U.S. government backs down on request for visitor logs of Trump protest website
Department of Justice says it has 'no interest' in records containing 1.3 million IP addresses
The U.S. government has revised its request for data from an anti-Trump protest site to exclude a log of its visitors, according to a brief filed in court today, saying it has "no interest" in the records.
In an application for a search warrant filed last month, the U.S. Attorney's Office in the District of Columbia sought a broad range of records associated with the website disruptj20.org, which helped organize a protest of U.S. President Donald Trump's January inauguration.
After violence broke out, 200 protesters were charged with rioting.
Dreamhost, the site's hosting provider, had characterized the government's warrant request as "overly broad." It said the request would have required the company to hand over a log containing 1.3 million IP addresses that were recorded to have accessed the site in the days following the inauguration protests.
In its latest filing, the Department of Justice (DOJ) said it could not have reasonably known ahead of time the extent of the visitor data Dreamhost maintained.
The DOJ has now requested its warrant be revised to specifically exclude the site's visitor logs, and be limited to information from the site's creation last July to the date of the inauguration.
In a blog post, Dreamhost called the news "a huge win for internet privacy."
"It is counter to the principles of the right to privacy that law enforcement would issue a broad warrant for data on millions, then narrow once challenged," said Drew Mitnick, policy counsel for the digital rights group Access Now, in a statement.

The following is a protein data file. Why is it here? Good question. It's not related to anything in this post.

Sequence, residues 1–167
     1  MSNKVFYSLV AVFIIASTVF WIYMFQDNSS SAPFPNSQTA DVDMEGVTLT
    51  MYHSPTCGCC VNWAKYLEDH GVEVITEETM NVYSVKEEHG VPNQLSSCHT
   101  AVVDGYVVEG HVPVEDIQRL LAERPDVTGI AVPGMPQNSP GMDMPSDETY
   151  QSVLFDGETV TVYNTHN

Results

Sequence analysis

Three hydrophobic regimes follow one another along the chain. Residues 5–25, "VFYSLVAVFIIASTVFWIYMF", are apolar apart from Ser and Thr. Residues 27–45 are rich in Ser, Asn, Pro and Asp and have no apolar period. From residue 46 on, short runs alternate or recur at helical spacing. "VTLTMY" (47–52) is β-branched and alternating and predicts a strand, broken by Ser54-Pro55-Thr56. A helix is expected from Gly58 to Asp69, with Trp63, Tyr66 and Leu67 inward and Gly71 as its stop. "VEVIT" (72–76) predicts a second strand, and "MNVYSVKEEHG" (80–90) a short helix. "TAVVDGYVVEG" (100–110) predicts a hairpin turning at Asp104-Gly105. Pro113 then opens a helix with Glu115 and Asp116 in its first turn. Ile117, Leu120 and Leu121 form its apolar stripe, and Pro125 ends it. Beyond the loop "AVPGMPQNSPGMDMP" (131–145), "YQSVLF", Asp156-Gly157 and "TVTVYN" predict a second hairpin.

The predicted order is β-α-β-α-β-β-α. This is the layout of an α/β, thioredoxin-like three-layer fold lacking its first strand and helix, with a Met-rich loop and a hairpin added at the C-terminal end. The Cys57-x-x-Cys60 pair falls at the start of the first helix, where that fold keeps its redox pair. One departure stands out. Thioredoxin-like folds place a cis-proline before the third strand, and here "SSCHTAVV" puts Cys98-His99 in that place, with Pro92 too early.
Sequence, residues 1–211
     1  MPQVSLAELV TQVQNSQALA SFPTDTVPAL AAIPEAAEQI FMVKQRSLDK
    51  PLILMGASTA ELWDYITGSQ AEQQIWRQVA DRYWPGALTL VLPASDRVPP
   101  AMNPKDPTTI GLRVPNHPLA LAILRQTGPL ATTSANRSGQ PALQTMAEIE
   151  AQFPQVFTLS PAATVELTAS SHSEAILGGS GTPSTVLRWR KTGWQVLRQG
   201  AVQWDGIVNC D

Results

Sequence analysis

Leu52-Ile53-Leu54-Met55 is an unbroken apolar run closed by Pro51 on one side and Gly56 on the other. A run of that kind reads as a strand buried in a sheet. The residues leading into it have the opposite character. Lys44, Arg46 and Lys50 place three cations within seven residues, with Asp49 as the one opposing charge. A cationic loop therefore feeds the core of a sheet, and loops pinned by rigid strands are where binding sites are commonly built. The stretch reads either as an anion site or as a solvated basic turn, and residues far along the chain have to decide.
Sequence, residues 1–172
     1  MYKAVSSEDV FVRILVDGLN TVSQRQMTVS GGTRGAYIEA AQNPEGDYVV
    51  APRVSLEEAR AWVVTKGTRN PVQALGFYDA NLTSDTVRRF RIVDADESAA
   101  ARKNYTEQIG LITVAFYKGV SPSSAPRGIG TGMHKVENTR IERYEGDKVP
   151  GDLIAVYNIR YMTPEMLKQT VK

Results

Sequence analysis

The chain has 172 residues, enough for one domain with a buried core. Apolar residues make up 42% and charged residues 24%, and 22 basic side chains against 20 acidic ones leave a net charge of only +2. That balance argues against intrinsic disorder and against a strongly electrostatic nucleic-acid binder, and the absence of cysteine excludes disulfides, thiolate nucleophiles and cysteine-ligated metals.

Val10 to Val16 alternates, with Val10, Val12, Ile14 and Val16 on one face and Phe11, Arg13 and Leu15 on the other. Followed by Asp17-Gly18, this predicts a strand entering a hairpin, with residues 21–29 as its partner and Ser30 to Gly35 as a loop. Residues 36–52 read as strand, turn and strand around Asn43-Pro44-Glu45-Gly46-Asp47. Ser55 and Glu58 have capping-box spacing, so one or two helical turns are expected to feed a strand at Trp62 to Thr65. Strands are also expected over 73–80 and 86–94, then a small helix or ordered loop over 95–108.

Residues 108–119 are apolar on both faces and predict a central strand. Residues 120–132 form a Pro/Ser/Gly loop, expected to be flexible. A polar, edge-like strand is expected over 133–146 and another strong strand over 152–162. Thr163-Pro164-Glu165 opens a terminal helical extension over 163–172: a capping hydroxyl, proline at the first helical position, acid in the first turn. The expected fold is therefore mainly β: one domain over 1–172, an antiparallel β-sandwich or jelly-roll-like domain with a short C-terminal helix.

Focus on 'a premeditated riot'
The request is part of the government's ongoing investigation into what prosecutors characterize as a violent, premeditated riot at Trump's inauguration. While the protest was largely peaceful, some smashed storefronts and set fire to a limousine.
The investigation has so far resulted in 19 guilty pleas and almost 200 other pending criminal cases, the DOJ says.
In a court filing, Dreamhost's legal counsel, Raymond O. Aghaian, described the disruptj20 website as referencing "organizing, resistance, disruptions and civil disobedience, but does not describe acts of property damage or violence."
The company also criticized the search warrant it received in July as being "a highly untargeted demand that chills free association and the right of free speech" — an assertion the government disputes.
"This warrant has nothing to do with that right," the government's reply reads. "The warrant is focused on evidence of the planning, co-ordination and participation in a criminal act — that is, a premeditated riot."
Although the warrant has been reduced in scope, the government is still seeking information that can help it identify the website's operators, the contents of email accounts registered using the site's domain and copies of site files, such as databases and images.
Hearing set for Thursday
In its blog post, Dreamhost wrote that company appreciates "the DOJ's willingness to look at and reconsider both the scope and the depth of their original request for records." But it still has concerns.
In particular, lawyers are still worried about the privacy of the website's visitors, and what Dreamhost has characterized as a lack of specifics around the information to be seized.
It plans to address those issues during a hearing scheduled for 10 a.m. Thursday in D.C. Superior Court.
"Because this remains a pending matter, the U.S. Attorney's Office has no comment at this time," wrote spokesperson Bill Miller in an email.
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